The Futility Infielder

A Baseball Journal by Jay Jaffe I'm a baseball fan living in New York City. In between long tirades about the New York Yankees and the national pastime in general, I'm a graphic designer.

Wednesday, December 02, 2009


Arbitration Blues

Tuesday marked baseball's arbitration deadline about which I had much to say in the Twitscape regarding both the Yankees and Dodgers. Neither team offered any of their free agents arbitration, decreasing the likelihood that they'll return, but the landscapes surrounding those decisions are quite different.

The Yankees' only Type A free agent is Johnny Damon, who's coming off an excellent season capped by a key role in the team's World Series win. He made $13 million a year over the life of his deal, but just turned 36. A one-year deal for him to return via arbitration might have cost the Yankees $15 million, a figure that apparently was too rich for Brian Cashman's blood. Damon's got a strong enough hand that he can likely do better in length if not average annual salary, even from the Yankees (two years, $25 million with an option, perhaps).

What's annoying is that because he's a Type A, foregoing the arbitration offer costs the Yankees two high draft picks, one in the 16-30 range of the draft (the top 15 picks are protected), the other in the supplemental phase (31-50, roughly speaking). That's a substantial amount of value; four years ago, colleague Nate Silver estimated those two picks as worth $9 million for the 16-30 and $3 million for the supplemental. Since then, the market has leveled off, inflation has occurred, and WARP has changed, but if anything, the value of those picks is probably higher. Apparently, the fear of being stuck with a pricey one-year deal — though really, it's difficult to get too badly burned on such a pact — outweighed the return for the Yanks, offering further evidence that even Cashman is on a budget.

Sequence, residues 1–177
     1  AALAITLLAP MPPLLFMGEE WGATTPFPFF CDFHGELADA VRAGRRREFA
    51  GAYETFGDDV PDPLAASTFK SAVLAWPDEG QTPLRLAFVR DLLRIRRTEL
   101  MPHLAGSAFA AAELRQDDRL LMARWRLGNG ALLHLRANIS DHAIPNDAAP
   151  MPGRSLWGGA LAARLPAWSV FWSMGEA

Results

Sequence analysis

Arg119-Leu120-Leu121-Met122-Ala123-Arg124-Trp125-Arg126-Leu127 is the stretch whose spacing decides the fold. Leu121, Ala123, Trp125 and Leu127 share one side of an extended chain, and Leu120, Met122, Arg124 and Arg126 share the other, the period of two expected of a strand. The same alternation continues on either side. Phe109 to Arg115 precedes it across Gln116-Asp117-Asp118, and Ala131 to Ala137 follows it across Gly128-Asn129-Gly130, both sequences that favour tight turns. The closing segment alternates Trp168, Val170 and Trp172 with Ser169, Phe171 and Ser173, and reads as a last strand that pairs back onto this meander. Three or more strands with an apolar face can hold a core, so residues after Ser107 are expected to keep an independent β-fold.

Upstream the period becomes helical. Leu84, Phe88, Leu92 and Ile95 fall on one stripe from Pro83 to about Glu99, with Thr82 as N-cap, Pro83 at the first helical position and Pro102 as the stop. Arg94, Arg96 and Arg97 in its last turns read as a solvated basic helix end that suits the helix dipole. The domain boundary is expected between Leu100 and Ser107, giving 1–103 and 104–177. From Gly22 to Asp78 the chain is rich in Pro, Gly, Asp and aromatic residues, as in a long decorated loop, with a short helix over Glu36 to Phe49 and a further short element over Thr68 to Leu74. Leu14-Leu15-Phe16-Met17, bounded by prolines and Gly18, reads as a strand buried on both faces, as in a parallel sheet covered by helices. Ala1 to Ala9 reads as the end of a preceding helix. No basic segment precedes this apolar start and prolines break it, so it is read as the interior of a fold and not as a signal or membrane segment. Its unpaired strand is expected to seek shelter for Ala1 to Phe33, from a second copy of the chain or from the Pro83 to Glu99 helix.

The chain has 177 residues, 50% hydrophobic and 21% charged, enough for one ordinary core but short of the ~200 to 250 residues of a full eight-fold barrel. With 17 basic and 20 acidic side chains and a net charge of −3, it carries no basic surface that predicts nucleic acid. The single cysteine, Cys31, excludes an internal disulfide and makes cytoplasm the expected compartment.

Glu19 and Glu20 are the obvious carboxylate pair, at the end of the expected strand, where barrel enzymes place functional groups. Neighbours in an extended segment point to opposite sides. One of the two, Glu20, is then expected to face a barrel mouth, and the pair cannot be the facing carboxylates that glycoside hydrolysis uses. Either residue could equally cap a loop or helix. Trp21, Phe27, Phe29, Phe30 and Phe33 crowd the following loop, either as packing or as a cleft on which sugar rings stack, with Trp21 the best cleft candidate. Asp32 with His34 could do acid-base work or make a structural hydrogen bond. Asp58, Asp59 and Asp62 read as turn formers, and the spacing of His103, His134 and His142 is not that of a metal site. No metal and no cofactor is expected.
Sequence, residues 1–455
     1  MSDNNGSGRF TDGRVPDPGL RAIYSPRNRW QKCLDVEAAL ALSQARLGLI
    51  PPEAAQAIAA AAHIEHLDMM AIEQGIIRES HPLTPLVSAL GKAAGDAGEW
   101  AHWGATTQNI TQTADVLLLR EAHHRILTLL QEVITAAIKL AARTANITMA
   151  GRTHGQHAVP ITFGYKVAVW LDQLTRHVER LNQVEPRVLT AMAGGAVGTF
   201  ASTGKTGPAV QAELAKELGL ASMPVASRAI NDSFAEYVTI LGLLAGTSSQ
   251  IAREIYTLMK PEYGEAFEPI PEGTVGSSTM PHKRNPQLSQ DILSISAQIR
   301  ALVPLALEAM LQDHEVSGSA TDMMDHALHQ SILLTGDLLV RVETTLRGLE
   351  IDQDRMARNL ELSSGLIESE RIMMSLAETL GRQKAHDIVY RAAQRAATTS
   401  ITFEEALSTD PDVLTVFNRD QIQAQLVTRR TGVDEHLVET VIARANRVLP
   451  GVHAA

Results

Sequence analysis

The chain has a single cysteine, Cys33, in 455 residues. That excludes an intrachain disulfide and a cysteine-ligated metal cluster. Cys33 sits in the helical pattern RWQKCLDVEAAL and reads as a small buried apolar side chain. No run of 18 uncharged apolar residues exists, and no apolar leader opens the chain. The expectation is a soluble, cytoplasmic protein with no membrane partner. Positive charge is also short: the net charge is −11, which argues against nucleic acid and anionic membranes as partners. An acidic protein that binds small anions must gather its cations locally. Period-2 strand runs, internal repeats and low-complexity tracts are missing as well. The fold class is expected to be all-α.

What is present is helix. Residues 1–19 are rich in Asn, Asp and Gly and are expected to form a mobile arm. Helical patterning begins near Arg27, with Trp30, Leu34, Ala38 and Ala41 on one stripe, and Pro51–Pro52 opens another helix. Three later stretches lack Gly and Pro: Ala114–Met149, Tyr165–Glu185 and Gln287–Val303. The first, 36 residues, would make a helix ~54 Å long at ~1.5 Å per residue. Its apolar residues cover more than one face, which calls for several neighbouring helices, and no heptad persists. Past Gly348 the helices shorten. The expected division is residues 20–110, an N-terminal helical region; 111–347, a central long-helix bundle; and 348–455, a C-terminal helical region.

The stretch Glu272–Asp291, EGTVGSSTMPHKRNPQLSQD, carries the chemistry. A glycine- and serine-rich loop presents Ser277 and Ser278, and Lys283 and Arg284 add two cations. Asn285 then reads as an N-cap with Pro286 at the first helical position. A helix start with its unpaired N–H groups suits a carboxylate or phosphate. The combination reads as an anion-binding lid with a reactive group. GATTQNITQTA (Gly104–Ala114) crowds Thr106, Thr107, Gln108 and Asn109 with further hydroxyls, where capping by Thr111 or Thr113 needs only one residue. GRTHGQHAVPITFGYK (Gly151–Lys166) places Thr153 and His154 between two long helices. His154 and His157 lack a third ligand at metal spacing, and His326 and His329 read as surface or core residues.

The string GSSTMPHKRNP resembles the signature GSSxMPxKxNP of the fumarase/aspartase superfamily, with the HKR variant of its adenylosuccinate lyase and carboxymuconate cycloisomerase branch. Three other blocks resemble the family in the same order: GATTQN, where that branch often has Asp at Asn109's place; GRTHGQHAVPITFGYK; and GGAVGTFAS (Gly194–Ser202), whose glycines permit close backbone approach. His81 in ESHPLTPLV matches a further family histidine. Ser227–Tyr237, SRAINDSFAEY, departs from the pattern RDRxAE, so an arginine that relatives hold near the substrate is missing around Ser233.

The Yankees also decided not to offer arbitration to Andy Pettitte and Hideki Matsui, but both of them are Type B free agents, meaning all the Yankees turned down was the right to supplemental picks worth about $3 million apiece. Weighed against the higher likelihood that both would accept and win their cases at prices out of Cashman's control, again, the risk was apparently too great. It's still a likelihood that at least Pettitte returns; the most recent Collective Bargaining Agreement struck down a provision that teams who didn't offer arbitration to their free agents were prevented from signing them until the following spring. Now, the two sides can hopefully negotiate a more sensible deal.